Jews took an active part in the political life of the city. The succession can be clearly seen in the selections from "History of the Jews in Bukovina. The following list (with no claim to completeness) gives the names of Jews who played an important roll in public life.

Member of State Parliament Deputy Mayor, Dr. Josef Fechner (1861-1874); Jakob Kohn (1874-1898); Isaak Rubinstein (1861-1863); Dr. Hermann Poras (1870-1871); Leibuker Barber (1871-1878); David Tittinger (1886-1901); Josef Steiner (1901-1903); Wilhelm Tittinger (1904-1914); Dr. Benno Straucher (1900-1914). Landesausschsszbeisitzer Dr. Josef Fechner (1861-1877); Dr. Benno Straucher (1904-1910); Dr. Neumann Wender (1911-1914). Members of the federal parliament: Isaak Rubinstein (1873-1878); Heinrich Wagner (1878-1896); Heinrich Popper (1885-1891); David Tittinger (1897-1900); Dr. Benno Straucher (1897-1914); Leo Rosenzweig (1901-1906). In addition to the above named, the following were members of the state parliament for various terms: Josef Blum, Janku Fischer, Jakob Hecht, Dr. Isidor Katz, Salomon Rudich, Dr. Salo Weiselberger, Prof. Dr. Leon Kellner, Dr. Max Folkschaner.

In the city council, Jews had won 20 of the 50 seats. Because of this, they were able to get a Jewish mayor elected two times; Dr. Eduard Reiss (1905-1908) and Dr. Salo Weisselberger (1913-1914). As a consequence, Dr. Weisselberger, because of his courageous stand during the Russian occupation of the city (1914), was made a nobleman.

The Jewish councilmen were in the position to get the Council to vote unanimously to name some city streets after deserving Jews.

There were streets in Czernowitz that carried the following names:

Atlas Gasse, named after Dr. Heinrich Atlas;
Hauptmann Baltinestergasse, named after the worthy city councilman.
Dr. Fechnergasse, after the first Jewish deputy mayor of the city of Czernowitz;
Franzosgasse, after the author Karl Emil Franzos;
Heinegasse, after the poet;
Dr. Theodor Herzlplatz;
Igelgasse, after the rabbi Dr. Lazar Igel;
Markus Kampelmachergasse, after the city councilman/community council member;
Karolinegasse, after the first name of the wife of the Community President Rubinstein.
Lazarettgasse, for the street where the Jewish hospital had previously been located;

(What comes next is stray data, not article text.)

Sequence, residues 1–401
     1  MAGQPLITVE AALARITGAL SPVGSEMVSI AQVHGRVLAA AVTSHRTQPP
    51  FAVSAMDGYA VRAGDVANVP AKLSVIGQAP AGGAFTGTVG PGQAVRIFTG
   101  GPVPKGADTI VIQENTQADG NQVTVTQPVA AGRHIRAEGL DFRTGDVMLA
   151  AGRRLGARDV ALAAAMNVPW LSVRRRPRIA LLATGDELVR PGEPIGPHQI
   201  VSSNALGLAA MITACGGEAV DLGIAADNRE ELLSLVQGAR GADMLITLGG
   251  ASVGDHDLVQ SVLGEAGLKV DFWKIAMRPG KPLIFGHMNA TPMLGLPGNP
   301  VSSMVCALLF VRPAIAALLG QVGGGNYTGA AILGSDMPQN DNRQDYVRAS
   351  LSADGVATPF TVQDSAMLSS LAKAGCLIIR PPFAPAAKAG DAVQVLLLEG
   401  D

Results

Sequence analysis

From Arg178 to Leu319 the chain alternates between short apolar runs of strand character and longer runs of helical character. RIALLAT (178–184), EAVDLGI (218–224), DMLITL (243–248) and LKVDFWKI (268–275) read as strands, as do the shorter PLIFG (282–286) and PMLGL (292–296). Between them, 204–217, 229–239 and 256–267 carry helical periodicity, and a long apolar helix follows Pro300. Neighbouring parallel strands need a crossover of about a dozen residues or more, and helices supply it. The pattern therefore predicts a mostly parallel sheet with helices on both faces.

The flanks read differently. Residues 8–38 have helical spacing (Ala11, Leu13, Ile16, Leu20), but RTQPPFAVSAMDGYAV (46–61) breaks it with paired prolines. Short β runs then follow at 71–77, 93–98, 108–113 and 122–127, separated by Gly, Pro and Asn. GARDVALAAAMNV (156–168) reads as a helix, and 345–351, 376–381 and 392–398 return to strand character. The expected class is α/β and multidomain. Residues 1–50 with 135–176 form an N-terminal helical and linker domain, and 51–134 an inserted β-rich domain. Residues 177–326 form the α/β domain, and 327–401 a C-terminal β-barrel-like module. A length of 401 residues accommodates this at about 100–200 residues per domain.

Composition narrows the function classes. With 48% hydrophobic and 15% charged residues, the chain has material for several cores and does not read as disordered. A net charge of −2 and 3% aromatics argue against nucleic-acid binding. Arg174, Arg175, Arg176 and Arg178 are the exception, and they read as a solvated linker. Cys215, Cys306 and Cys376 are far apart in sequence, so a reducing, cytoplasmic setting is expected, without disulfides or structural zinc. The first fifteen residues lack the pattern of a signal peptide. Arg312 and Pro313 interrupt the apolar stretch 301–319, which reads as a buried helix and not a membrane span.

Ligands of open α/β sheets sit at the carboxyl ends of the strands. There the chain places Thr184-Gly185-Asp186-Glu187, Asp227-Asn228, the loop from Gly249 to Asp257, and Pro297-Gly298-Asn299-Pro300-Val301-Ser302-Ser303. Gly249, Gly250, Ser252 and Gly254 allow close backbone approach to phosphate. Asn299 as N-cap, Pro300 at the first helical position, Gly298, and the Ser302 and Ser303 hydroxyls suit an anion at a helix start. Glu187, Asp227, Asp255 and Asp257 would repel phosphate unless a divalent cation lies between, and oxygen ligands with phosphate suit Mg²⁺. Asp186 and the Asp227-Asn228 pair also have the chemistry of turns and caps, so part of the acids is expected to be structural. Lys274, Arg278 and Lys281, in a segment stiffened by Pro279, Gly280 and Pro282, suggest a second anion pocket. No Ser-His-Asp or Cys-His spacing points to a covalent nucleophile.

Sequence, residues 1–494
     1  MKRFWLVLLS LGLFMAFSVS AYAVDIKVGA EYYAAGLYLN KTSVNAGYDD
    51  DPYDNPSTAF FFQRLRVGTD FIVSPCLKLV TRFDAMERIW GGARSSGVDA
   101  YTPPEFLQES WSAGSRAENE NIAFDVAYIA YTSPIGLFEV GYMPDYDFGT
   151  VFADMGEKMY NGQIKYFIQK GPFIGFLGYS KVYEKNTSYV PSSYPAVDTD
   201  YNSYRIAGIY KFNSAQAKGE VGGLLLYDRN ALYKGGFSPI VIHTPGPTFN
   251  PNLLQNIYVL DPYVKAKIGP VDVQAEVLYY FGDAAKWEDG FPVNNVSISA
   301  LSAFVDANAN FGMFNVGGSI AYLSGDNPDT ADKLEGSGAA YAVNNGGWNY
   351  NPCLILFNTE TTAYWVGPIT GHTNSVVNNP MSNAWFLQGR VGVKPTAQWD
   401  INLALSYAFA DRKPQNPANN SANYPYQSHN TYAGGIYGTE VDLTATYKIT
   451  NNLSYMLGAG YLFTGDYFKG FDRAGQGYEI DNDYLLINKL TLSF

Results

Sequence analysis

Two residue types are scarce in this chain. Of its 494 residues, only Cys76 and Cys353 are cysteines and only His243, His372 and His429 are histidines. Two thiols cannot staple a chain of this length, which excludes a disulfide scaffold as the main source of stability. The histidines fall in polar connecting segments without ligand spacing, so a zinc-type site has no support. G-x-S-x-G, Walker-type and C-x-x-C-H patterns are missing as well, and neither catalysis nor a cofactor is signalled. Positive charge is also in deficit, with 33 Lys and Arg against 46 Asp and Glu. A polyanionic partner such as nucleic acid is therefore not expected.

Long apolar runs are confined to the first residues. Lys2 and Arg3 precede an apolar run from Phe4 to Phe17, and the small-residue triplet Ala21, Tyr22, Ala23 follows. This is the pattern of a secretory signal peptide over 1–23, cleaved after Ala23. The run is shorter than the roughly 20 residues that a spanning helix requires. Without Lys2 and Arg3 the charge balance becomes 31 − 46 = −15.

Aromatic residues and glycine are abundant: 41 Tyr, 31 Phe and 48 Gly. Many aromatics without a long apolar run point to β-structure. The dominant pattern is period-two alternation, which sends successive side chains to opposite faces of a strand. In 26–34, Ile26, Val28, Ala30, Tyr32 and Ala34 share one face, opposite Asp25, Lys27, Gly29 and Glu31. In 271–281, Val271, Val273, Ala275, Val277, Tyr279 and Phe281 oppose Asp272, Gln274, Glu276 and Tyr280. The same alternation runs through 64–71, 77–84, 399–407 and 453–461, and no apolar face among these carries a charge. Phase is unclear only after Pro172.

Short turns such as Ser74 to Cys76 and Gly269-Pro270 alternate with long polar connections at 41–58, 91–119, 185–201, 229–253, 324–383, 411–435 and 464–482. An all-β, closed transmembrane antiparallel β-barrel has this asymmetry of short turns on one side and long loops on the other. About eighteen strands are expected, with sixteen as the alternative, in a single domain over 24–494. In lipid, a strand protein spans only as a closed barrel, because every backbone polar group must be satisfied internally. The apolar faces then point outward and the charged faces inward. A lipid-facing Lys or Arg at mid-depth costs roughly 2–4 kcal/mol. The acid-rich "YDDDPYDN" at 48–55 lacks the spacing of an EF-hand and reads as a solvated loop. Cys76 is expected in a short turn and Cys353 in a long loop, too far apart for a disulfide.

Dr. Eduard Reisgasse, after the first Jewish mayor of the city of Czernowitz;
Dr. Benno Strauchergasse, after the long serving community president, member of federal and state parliaments of this name;
David Tittingergasse, after the member of parliament of that name;
Heinrich Wagnergasse after the founder of the Jewish orphanage.
The streets in which the old synagogue, the temple and the cemetery were located were called: Synagogengasse, Templegasse 10 and Friedhoffgasse. The street signs were lettered in three languages: Romanian, German and Ruthenian.

After the Romanian troops marched into the city on November 11, 1918, the street signs were removed. The streets were renamed and not a single worthy Jew had the honor of having a street named after him. Thereafter the streets flaunted the names of Romanian personalities unknown to the city and when these were lacking, the names of Roman emperors were used in order to demonstrate even to the skeptical the connection with the Roman nation.

Kampelmachergasse for example was renamed after the scholarly Emperor, Marc Aurel, which led Dr. Ebner to make the humorous remark in his East Jewish newspaper, "Markus Kampelmacher was followed by Marc Aurel."

Many worthy men served on the board of directors and the community council in the last years before the outbreak of the war.

Before their elections as mayor of the autonomous city of Czernowitz, Dr. Reiss and Dr. Weiselberger served as deputy mayors. There were many Jews among the higher officials of the city.

Before the outbreak of the World War, the Jews of the city reached the peak of their political and economic development. The roots of this success were the high level of education of a large part of the population, the spiritual connection with the culture of Europe, the rise of a healthy feeling of nationalism under the influence of Zionism, the decided rejection of "Germanization" as a worthy answer to German anti-Semitism which was coming into the open and as a result of these factors the political maturity which manifested itself in public life and also contributed to business success.